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Exhibition explores the artistic synergy between two 20th-century icons
Pablo Picasso, The Studio at La Californie (L’Atelier de La Californie), 1956, oil on canvas, 44 7/8 × 57 1/2 in. (114 × 146 cm), Musée national Picasso-Paris, Pablo Picasso Acceptance in Lieu, 1979. © 2020 Estate of Pablo Picasso / Artists Rights Society (ARS), New York.



HOUSTON, TX.- Alexander Calder and Pablo Picasso, seminal figures of 20th-century art, both ceaselessly challenged orthodox concepts about form, line, and space. The international touring exhibition Calder-Picasso presents a fascinating encounter between them, conceived by the artists’ grandsons, Alexander S. C. Rower and Bernard Ruiz-Picasso.

The exhibition explores the artists’ prolific affinities through 80 works, integrating Calder’s paintings, drawings, and revolutionary mobiles and stabiles with Picasso’s radically inventive work in all media. Central to the many resonances is their shared conceptual interrogation of the void, or absence of space.

Calder-Picasso is on view in Houston from October 31, 2021, through January 30, 2022, following presentations at the de Young museum in San Francisco and the High Museum of Art in Atlanta.

Organized in partnership with the Calder Foundation, New York; Musée national Picasso-Paris (MNPP); and Fundación Almine y Bernard Ruiz-Picasso para el Arte (FABA), Calder-Picasso premiered at the MNPP in February 2019 before traveling to the Museo Picasso Málaga.

“I am enormously pleased to bring this acclaimed exhibition to the U.S., through our partners at the Calder Foundation and FABA and the Picasso museums in Málaga and Paris,” said Gary Tinterow, Director, the Margaret Alek Williams Chair, MFAH. “The exhibition will be especially meaningful in Houston and at the MFAH. From director James Johnson Sweeney to patrons Ima Hogg, Sarah Campbell Blaffer, and Caroline Wiess Law, the Museum’s early champions of Modernism made it possible for significant pieces by both artists to enter the collection in the 1950s and 1960s.”

“The stunning visual juxtapositions that this exhibition brings together are provocative, unpredictable, and dynamic,” said Ann Dumas, the Museum’s consulting curator of European art. “They tell us much about the correspondence between these two great artists, as well as what makes them distinctive, allowing us to understand their process and unique innovations in a fresh, new light.”

Calder and Picasso

American Alexander Calder (1898–1976) and Spaniard Pablo Picasso (1881–1973) were both born in the late 19th century to fathers who were classically trained artists. Both headed for Paris as young artists; Picasso in 1900 and Calder in 1926. Though their lives and work shared many parallels, the two men were not close; known documentation shows them meeting on only four occasions. Their initial encounter happened in April 1931, when Calder presented his first exhibition of non-objective sculptures at Galerie Percier in Paris. Picasso arrived before the opening to introduce himself and spend time with Calder’s radical works. Their paths crossed again in July 1937 at the Spanish Pavilion of the Exposition Internationale in Paris, where Calder’s Mercury Fountain was installed in front of Picasso’s Guernica. They met again in Antibes in 1952 and Vallauris in 1953, after they had become celebrities and referents for their generation. By then, both had been recognized with retrospectives at the Museum of Modern Art in New York—Picasso in 1940 and Calder in 1943. Their work was also shown at the 1953 São Paulo Biennial, and both artists undertook commissions for UNESCO in 1958.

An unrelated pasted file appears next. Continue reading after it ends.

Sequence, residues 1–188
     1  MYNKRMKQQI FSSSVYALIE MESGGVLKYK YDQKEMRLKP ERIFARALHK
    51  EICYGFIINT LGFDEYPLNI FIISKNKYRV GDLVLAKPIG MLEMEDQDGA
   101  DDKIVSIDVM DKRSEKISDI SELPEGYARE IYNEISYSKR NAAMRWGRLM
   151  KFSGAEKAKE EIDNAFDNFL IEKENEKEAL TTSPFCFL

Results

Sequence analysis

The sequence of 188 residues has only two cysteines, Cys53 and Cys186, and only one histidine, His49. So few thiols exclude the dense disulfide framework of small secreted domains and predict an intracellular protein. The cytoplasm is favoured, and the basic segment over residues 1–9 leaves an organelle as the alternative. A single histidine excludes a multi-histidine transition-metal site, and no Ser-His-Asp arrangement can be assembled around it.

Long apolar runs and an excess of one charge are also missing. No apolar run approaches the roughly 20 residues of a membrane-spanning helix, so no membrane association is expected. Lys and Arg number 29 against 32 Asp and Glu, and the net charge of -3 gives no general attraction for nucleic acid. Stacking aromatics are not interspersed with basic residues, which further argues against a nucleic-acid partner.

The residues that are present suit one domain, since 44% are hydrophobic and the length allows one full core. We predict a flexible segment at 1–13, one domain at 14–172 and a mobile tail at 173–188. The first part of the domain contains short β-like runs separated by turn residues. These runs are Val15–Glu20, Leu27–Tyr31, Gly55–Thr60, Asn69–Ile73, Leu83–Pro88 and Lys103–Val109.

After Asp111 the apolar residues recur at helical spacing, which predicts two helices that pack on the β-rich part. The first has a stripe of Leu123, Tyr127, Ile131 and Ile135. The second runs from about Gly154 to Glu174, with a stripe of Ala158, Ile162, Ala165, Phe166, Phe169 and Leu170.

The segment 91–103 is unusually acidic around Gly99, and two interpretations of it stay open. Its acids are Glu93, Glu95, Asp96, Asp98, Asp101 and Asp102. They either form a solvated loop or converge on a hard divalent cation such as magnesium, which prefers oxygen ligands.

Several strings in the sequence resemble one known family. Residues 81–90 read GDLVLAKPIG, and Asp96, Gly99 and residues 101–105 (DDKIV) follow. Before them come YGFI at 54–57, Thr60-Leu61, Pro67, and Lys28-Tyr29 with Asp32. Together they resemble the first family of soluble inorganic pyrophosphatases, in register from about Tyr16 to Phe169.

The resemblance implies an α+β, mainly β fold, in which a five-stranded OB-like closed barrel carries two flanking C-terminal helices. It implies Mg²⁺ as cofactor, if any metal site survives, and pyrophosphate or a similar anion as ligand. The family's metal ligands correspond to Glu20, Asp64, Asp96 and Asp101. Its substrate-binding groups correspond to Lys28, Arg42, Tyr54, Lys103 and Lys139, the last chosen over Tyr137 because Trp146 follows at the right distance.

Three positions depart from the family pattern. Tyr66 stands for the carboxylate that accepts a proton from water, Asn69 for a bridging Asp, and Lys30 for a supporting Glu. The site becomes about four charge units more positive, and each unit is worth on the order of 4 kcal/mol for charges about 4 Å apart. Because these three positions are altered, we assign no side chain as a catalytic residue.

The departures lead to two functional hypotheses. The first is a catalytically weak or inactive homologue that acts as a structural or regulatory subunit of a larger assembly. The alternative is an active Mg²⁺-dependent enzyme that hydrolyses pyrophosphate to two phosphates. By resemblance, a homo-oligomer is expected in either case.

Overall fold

The Void and Non-Space

Calder and Picasso were both engaged by the relationship of volume to space. Calder explored the absence of mass in his sculptures, while Picasso expressed contortions of time in his figurative work.

Calder’s genius lies in his total recasting of the notion of sculpture. His figurative wire sculptures—defined by critics in 1929 as “drawings in space”—delineate transparent silhouettes, echoed by the shadows they project. In his abstract mobiles, Calder introduced the fourth dimension of time into traditional three-dimensional space. The mobiles are infinitely variable, blurring the boundaries between painting, sculpture, and choreography as they reset the traditional relationship between volume and void.

Picasso personalized his exploration of non-space, focusing on the emotional inner-self and collapsing the interpersonal space between painter and subject. His expressions of the void suggest a creative urgency, highly aware of mortality.

Both artists also pursued simplification to arrive at the essence of a subject. As Picasso simplified or purified the solidity of a figure, he gained access to its truth.










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